My trip across the country was, at its core, a search for home, an ongoing quest for belonging in a country that is as hostile and dangerous as it is rewarding. It was the sad effort of a chubby Black boy from Scarborough to become a mountain, a forest, an adventurer, and a grand narrative after failing to become a shark. It did not answer my deepest existential dilemmas but instead created endless questions. What is nature and what is wilderness? Why is our relationship with these concepts so fraught? How do we reconcile narratives of Black alienation from nature with the long history of Black settlement on this land dating back to the Black Loyalists? Why is nature so often depicted as either masculine or feminine, pristine or spoiled, white or Black?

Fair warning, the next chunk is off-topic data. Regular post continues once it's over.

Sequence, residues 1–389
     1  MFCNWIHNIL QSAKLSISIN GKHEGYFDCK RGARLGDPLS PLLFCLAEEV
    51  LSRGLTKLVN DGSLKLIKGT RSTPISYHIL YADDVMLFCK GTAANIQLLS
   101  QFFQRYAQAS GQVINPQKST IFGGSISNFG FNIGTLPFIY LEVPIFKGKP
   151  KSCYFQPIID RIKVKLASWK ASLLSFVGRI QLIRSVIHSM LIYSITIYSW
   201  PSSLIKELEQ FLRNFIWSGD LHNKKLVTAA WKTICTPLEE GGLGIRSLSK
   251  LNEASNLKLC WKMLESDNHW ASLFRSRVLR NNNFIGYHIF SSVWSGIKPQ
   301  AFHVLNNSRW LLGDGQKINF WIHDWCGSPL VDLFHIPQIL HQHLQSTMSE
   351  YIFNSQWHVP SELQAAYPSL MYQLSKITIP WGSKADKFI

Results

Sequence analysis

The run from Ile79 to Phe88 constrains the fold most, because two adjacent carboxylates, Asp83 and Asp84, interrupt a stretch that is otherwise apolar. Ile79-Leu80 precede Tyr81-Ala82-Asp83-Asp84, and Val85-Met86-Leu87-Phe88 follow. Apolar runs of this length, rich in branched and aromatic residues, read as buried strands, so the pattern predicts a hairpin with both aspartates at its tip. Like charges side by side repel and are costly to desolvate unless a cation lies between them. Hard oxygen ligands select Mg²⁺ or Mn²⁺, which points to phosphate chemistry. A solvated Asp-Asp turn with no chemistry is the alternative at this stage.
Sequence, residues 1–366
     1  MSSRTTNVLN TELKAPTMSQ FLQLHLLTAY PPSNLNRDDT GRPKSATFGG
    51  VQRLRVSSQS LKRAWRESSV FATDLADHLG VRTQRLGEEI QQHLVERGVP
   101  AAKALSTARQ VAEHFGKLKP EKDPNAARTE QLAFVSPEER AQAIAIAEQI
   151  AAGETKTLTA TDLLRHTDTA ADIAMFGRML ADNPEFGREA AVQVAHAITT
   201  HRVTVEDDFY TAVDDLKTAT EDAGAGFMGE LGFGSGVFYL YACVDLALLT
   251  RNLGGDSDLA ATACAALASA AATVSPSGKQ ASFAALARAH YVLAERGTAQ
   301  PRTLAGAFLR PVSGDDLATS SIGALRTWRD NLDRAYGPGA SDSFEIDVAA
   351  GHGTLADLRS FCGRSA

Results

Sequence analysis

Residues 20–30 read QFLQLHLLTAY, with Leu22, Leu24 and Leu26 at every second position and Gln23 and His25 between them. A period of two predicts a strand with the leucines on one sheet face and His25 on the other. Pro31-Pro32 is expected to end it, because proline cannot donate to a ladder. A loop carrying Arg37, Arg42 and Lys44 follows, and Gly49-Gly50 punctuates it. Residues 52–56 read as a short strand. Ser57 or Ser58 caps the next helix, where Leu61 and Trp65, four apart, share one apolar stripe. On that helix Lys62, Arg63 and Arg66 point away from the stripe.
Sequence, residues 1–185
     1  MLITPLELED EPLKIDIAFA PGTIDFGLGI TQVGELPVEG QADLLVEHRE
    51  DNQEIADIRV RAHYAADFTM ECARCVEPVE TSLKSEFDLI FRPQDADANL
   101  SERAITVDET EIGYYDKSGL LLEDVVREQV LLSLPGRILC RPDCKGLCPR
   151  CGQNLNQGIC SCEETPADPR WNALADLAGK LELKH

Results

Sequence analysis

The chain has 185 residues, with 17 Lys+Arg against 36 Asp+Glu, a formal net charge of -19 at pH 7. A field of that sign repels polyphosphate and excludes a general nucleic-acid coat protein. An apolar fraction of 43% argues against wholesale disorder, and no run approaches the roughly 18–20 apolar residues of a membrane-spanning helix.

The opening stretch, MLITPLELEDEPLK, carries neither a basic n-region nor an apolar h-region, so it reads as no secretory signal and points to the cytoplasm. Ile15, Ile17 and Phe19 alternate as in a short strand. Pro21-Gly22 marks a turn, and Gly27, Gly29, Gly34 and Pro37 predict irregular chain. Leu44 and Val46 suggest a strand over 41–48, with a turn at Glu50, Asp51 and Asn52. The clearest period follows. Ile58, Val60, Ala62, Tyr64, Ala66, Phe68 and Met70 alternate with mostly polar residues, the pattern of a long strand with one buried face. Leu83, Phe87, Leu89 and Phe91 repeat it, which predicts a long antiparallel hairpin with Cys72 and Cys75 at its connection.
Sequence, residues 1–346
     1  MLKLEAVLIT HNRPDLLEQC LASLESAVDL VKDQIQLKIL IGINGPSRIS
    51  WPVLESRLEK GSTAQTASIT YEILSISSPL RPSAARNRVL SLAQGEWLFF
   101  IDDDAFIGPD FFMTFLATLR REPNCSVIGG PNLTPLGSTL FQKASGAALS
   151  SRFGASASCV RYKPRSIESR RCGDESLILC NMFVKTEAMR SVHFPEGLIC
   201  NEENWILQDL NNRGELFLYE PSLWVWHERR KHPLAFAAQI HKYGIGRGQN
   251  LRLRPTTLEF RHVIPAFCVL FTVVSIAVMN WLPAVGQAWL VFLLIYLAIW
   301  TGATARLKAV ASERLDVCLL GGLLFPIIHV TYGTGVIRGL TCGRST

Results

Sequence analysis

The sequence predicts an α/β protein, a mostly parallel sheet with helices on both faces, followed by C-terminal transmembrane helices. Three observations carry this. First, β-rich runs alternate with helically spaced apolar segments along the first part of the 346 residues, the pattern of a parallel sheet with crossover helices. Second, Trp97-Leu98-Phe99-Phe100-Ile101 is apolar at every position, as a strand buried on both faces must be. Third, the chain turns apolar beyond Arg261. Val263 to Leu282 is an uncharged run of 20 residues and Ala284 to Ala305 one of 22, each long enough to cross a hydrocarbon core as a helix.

Increasingly, I also wrestle with what it means to use storytelling as a way of laying claim to land that was stolen from the First Peoples. I see the futility of trying to assert belonging in a place so deeply invested in othering, a place where many thirst for ownership of land that never has been—and will never be—theirs to own.

With each passing year, I wonder how many more times I will tell friends and colleagues stories from my trip across Canada. How many more times will I feel these stories fighting to escape my mouth? Perhaps as many times as I continue to be asked, “But where are you really  from?” whenever I say that I was born in Scarborough. Perhaps until the day when I learn to swim or finally recognize that unique yellow hue. Better yet, maybe this will be the last time.

From the book Black Writers Matter edited by Whitney French, copyright © 2019. Reprinted by permission of University of Regina Press.

Phillip Dwight Morgan is a first-generation Canadian writer of Jamaican heritage. His essays, op-eds, and poetry explore the intersections of race, representation, politics, and state violence in Canada.